Jefferson Surgical Solutions


In 2016, the Department of Surgery launched the Support of Surgery Research Activities Pilot Grant Program. In the first year alone, six projects were approved and funded. Recognizing the importance of innovative research and the success of this funding model, the Robert Saligman Charitable Foundation made a generous contribution in June 2017 to bolster future exploratory studies.

The new Saligman Family Surgery Pilot Grant Program encourages faculty members, residents and fellows to apply for grants of up to $15,000 per year to pursue independent research programs. Here are updates from the principal investigators of three ongoing studies.

“This funding mechanism is invaluable for our faculty, residents, and medical students to initiate important clinical research projects and address questions that we hope may ultimately improve patient care at Jefferson.” – Jonathan R. Brody, PhD J. Wallace Davis and Gail G. Davis Professor of Surgery Director, Division of Surgical Research Vice Chair for Research Department of Surgery


Reducing colorectal surgical site infections “Several years ago, I attended an American College of Surgeons meeting and saw a poster presentation about the use of lidocaine in cholecystectomy wounds. Lidocaine either kills or stops reproduction of many bacterial organisms, and had a dramatic impact on reducing surgical site infection in cholecystectomy patients. I thought, ‘Why don’t we give that a try in colorectal cases?’ With the use of lidocaine, we found that our rate of surgical site infection declined, but we couldn’t prove how. “With this lab-based study, we have microbiologists and surgical residents, Brock Hewitt MD, MPH, and Sami Tannouri, MD, working together to explore how another local anesthetic, bupivocaine, works to prevent surgical site infections. Bupivocaine can be delivered alone or can be bound with liposomes, or fat, so that it lasts longer.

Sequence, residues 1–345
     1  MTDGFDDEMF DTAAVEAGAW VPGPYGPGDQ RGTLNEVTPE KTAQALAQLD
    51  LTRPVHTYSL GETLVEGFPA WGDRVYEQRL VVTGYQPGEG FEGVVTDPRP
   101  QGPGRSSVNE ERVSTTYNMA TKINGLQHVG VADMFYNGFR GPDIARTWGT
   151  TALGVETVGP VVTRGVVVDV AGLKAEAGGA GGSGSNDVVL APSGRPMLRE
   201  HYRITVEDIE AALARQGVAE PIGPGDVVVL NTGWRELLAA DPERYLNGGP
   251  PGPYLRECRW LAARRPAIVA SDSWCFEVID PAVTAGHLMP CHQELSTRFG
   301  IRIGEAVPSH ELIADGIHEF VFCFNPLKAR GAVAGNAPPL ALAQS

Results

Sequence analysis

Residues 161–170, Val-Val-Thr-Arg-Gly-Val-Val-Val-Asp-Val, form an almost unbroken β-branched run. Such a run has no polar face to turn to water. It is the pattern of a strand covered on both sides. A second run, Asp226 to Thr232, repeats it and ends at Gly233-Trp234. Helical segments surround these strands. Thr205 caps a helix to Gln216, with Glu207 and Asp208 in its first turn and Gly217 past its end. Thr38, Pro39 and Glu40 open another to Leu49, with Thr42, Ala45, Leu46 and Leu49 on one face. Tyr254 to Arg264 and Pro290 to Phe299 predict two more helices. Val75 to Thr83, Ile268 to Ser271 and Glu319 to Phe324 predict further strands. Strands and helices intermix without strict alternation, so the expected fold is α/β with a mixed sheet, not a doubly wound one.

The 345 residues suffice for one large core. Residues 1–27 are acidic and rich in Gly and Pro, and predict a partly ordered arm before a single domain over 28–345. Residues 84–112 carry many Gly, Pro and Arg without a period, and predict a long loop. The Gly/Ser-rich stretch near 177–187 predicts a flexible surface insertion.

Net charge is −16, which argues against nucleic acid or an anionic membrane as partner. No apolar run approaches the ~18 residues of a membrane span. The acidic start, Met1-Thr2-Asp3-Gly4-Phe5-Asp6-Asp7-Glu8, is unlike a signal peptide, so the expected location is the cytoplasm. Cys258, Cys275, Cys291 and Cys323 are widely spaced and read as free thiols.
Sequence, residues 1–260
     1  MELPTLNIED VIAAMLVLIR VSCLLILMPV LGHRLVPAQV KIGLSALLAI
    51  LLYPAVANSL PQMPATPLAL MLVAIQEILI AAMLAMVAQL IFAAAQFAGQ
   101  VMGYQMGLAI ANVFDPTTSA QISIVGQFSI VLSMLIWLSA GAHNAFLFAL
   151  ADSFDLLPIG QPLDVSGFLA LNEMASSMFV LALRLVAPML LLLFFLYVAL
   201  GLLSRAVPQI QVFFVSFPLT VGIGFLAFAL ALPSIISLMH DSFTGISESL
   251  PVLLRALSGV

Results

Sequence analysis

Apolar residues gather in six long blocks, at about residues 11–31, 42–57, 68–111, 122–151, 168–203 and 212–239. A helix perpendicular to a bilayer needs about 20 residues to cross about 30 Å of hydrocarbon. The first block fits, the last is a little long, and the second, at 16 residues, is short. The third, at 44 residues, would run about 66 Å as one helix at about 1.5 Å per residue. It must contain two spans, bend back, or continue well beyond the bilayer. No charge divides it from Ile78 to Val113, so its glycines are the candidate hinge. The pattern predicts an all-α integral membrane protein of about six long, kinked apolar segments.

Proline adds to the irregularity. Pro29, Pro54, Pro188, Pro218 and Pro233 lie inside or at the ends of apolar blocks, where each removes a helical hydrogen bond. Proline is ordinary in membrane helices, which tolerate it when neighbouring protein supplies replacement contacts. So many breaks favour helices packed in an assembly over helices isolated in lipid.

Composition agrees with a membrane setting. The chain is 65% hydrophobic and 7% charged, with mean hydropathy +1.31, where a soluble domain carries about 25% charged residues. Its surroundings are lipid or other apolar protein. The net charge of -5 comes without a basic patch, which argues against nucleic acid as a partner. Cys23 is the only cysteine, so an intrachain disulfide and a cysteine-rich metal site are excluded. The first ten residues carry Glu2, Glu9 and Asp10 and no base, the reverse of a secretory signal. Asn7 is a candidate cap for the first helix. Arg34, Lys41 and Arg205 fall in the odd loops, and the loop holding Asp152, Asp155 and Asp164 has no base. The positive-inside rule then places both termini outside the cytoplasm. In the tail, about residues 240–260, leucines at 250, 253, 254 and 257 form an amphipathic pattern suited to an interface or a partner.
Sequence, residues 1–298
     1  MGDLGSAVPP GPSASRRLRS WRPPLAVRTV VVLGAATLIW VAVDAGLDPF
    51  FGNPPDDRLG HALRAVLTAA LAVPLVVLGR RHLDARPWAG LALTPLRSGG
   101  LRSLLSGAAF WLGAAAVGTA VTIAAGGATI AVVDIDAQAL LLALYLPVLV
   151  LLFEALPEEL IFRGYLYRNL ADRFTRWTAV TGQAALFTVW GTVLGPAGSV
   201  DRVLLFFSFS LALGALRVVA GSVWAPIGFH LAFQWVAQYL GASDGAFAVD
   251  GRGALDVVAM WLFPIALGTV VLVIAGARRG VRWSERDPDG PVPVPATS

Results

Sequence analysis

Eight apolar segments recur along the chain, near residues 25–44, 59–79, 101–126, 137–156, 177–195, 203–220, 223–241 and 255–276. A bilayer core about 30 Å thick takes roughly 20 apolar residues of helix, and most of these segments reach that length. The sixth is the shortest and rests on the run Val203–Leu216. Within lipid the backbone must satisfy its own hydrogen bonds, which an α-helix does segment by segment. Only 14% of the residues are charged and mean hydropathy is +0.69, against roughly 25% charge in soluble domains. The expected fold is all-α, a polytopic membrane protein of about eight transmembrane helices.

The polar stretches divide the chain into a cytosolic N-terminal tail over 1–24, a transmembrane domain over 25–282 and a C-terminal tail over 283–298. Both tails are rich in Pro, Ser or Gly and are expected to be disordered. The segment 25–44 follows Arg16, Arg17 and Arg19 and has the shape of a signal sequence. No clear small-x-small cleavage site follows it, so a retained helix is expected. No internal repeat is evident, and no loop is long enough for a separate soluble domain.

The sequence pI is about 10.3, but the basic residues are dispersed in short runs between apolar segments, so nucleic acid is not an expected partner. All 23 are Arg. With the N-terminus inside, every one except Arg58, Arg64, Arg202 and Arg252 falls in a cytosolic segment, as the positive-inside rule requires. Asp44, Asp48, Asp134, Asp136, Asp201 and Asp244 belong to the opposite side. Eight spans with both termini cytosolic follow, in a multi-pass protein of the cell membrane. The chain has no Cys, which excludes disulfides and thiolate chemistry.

“We are working to understand whether or not liposomal binding affects wound infection rates. What are the bacteriologic effects? In other words, is liposomal bupivocaine better, worse or about the same as traditional bupivocaine or lidocaine? In the next few months, we hope to have results that can help us understand the best drug to use to prevent these infections.”


‘Personalizing’ transplant decision making

“Across the board, transplant programs do a great job in collecting and analyzing population-level data. Every program reports the same data about how it’s doing in terms of graft function and loss, as well as patient outcomes over time. Our regulators publish reports about our one- and three-year outcomes – evaluations that typically shape key decisions about which patients receive which organs. I became curious: What would the decisions and metrics look like if we optimized transplantation based on what is best for each individual patient?

“In this study, we are analyzing national data to develop a model that helps programs make more tailored decisions when they receive offers of organs from their organ procurement organization. We’re looking at specific patient variables, such as age, sex, race, disease and time on dialysis, and trying to determine the expected long-term outcome for people with a certain set of characteristics. What would we expect those patients’ organ offers to be at a particular time? What about one year later?

“Ultimately, such models can help transplant programs make better decisions at the individual patient level and achieve even better population-level outcomes.”

Exploring disparities that impact cancer care

“When it comes to care for cancer patients, we look at two factors: efficacy and effectiveness. Efficacy is whether or not a treatment works, while effectiveness is how the treatment performs in the real world. In other words, a treatment may work, but if patients aren’t consistently receiving or tolerating it, there can be differences in outcomes that are not appreciated. Having treated patients from a wide variety of backgrounds and with a broad range of diseases and presentations, I’ve come to realize there are differences in patient presentations and outcomes that are outside of biology.

“Building on previous work exploring disparities in early-stage breast cancer treatment, this particular study is building a dataset based on Jefferson patients. We’re analyzing their pathology alongside demographic variables, such as ethnicity, insurance status, occupation and the ZIP code where the patient lives. We can then assess the decisions patients made and the actions they took. Did they complete the recommended treatment on time? Which groups were most at ease with the treatment? Where did people fall off the path? What are the critical points where we might intervene?

“Once you have those kinds of insights, you can make the most effective intervention. But if we don’t study and understand the risks to our patients, we’re going in somewhat blind – not really appreciating the external circumstances that can impact our care.”

To learn more about supporting innovative surgical research at Jefferson, please visit giving.jefferson.edu or contact Kelly Austin in the Office of Institutional Advancement at 215-955-6383 or Kelly.Austin@jefferson.edu.